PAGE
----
Writing From Factor X

May 25, 2011

Wednesday Linkspam

Filed under: Signal Boost — Sciatrix @ 8:47 am

Feel free to link to blogs I haven’t seen or self-promote in the comments, as usual!

From genuineexpression: The Sexual Privilege Post

This is something that’s come up over the past few days that I really think needs to be explained. I’m going to do my best to define it, but there’s very little scholarly material on it that I’ve read (if anyone has any worthy articles on the topic, I’d love to read them!), so this is just from what I understand sexual privilege to be.

From Ace Anghraine: this makes me feel… mildly annoyed

[Sexual privilege] is not, not, not straight privilege. Neither does it deny straight privilege. They’re not mutually exclusive, they intersect. Patriarchal society revolves around heterosexual, romantic, male-dominated pair-bonding and enforces a binary conception of gender and sexuality. Thus, along the gender-sexuality metric, society grants certain privileges to people who are male, who are straight, who are romantic, who are monogamous, who fit neatly within the male/female or gay/straight binary, who are cisgendered, so on and so forth.

From Asexy Miri: …But Not For You

There’s been talk lately (as there sometimes is) about whether or not asexuals are oppressed, and if they’re sufficiently oppressed to be considered queer.

From Lashings of Ginger Beer: Erasure and Identity

This post began life as a discussion of the ‘I’m-more-oppressed-than-you’ game. There’s been a spate of posts on various sites recently discussing whether asexuals have a ‘claim’ to the queer community, and one argument is that we aren’t oppressed in the same way. Rather than argue this out, I’d much rather share with you my experiences of one particular kind of oppression, one I’m sure many of you are familiar with – erasure.

From Ace Admiral: Can I tell you something?

How can I convince the people who don’t believe me that this is a big deal when all I have is myself? And I don’t just mean the people on the internet whom I can ignore if I want to, I mean my parents.

From lizziegoneastray: So remember that post I made about getting through to my brother Ben?

 Yes, change is always a possibility, but it’s possible for all sexual orientations, not just mine.  So why are asexuals the only ones required to keep an open mind about it?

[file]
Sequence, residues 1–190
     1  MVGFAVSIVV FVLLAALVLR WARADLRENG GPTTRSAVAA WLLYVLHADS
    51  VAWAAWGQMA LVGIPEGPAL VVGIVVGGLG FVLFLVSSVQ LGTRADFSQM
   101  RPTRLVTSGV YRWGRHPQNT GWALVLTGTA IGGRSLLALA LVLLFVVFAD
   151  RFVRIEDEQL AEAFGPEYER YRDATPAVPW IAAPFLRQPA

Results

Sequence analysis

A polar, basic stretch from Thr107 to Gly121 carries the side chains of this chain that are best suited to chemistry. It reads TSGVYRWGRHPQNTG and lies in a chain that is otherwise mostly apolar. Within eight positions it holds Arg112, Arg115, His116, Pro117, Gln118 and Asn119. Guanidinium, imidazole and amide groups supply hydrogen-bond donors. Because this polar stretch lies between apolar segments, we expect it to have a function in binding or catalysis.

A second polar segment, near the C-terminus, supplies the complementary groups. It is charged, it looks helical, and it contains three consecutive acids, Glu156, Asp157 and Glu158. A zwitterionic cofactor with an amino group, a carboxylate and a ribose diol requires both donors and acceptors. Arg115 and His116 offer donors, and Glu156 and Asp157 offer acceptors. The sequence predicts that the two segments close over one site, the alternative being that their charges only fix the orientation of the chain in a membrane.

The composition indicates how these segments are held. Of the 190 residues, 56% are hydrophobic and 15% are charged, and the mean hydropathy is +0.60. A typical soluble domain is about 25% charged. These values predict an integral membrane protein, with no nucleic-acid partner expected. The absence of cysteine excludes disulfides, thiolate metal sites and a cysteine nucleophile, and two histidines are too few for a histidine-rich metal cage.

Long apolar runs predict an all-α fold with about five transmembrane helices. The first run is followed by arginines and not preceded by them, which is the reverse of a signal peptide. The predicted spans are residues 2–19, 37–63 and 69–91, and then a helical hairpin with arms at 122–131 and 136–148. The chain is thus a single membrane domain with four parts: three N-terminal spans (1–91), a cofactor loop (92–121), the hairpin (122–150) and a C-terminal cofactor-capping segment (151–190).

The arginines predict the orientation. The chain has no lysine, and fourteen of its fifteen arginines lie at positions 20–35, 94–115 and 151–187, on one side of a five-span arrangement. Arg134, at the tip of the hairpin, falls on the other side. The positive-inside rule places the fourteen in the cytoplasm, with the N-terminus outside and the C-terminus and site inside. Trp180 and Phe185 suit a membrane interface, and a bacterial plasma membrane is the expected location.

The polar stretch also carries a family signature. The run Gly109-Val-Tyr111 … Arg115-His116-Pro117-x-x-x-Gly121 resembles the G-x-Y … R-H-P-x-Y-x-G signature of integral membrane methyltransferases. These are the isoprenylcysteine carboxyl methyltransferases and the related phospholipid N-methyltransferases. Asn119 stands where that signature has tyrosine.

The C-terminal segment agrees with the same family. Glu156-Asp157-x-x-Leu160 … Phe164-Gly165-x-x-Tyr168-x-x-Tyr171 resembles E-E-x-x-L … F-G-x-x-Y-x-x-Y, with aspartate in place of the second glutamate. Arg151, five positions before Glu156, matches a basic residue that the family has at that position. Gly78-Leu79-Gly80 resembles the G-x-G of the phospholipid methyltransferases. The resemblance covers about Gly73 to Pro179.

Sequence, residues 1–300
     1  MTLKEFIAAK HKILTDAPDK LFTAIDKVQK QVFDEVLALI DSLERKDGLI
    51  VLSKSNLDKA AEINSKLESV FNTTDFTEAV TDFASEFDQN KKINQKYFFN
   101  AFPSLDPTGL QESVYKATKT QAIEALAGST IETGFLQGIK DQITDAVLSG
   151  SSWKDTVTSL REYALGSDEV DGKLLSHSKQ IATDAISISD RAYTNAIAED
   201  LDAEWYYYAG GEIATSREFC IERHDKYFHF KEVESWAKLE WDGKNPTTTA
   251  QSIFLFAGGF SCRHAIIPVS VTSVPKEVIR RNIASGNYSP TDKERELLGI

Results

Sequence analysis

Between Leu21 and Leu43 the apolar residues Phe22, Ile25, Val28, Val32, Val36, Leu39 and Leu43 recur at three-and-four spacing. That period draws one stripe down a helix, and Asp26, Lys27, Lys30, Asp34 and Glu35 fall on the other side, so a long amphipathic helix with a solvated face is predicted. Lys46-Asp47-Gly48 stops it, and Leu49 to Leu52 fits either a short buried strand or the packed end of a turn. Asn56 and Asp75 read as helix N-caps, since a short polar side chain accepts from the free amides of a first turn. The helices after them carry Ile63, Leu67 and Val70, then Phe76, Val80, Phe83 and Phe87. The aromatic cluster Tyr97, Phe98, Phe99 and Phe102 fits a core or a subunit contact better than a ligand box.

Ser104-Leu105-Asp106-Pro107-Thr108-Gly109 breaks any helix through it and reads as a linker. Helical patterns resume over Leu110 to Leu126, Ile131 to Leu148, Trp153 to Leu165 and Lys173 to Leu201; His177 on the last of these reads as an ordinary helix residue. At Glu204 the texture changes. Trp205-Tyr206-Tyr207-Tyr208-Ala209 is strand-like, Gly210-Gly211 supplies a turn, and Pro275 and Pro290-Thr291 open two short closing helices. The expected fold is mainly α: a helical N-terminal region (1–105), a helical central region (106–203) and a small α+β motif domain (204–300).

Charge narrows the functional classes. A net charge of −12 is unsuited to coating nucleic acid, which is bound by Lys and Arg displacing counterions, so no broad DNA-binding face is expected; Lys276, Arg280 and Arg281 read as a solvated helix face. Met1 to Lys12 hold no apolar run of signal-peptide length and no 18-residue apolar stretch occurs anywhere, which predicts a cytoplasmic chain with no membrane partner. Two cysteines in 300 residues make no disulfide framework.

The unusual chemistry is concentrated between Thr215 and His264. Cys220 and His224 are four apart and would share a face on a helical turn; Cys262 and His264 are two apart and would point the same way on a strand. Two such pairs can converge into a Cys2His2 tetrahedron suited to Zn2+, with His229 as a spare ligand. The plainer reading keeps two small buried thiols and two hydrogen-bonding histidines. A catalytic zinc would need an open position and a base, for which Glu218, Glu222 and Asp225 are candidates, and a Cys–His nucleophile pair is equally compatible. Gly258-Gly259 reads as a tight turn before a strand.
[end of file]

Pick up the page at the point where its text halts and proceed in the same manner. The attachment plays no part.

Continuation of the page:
From Asexual Childfreedom: I Can’t Prove It

Sure! The vast majority of people are parents, or want to be parents… and almost everyone is sexual. That is not proof that YOU, specifically, won’t change your mind. Other people’s life decisions are not evidence for the validity of yours.

From Asexual News: “Shades of Gay” author asking for help on Asexual Suicide Project

In this case, she needs to get in touch with people who are willing to share their stories.  Names are not needed and anonymity will be protected. While numerous studies on suicide rates among LGBT people are common, no one has thought to study the suicide rates among Asexuals of any age.

From sophia_sol: A question for you.

So there is a fic I am making vague stabs at trying to write. It is not going very well. This is in part because I lack some crucial information! Namely, what is it like to experience sexual attraction?

From outlawroad: When Sex and Romance Do Not Mix: Or, Having Two Different Orientations

This post is about bringing attention to the following fact:

There are people in this world whose sexual orientation and romantic orientation do not match.

From Ninny’s Acetravaganza: Things to remember when writing about asexuality for educational purposes

Writing about asexuality in terms of how you experience it can create conflicting ideas of what asexuality is, and can cause confusion for those new to the concept.

From Shahrazad in Pants: Advice from Aces and Ace Allies?

I’m doing a little summer project that may or may not go anywhere, and I’m looking for a little input. 🙂

We’re All In This Together

So in the wake of the shitstorm that’s been happening on Tumblr this week I’ve seen one thing over and over again, and it bugs the shit out of me. It happens basically whenever the policing of asexual queer identities comes up, actually, and it hasn’t gotten any less obnoxious over time.

Sexual people, you actually don’t have the right to tell asexuals that our primary identity is “really” whatever our romantic orientation is. No, not even if we’re identifying as queer.

Some asexuals identify first and foremost as asexual. Some don’t. And that goes regardless of what romantic orientation any given asexual may or may not have. (Hey, some of us don’t have romantic orientations that make a lot of sense! It’s funny how life is confusing that way!) You don’t actually get to tell anyone that their primary identity is totally invalid and they have to use a secondary one (or even a different but related one) because it’s easier for you to understand.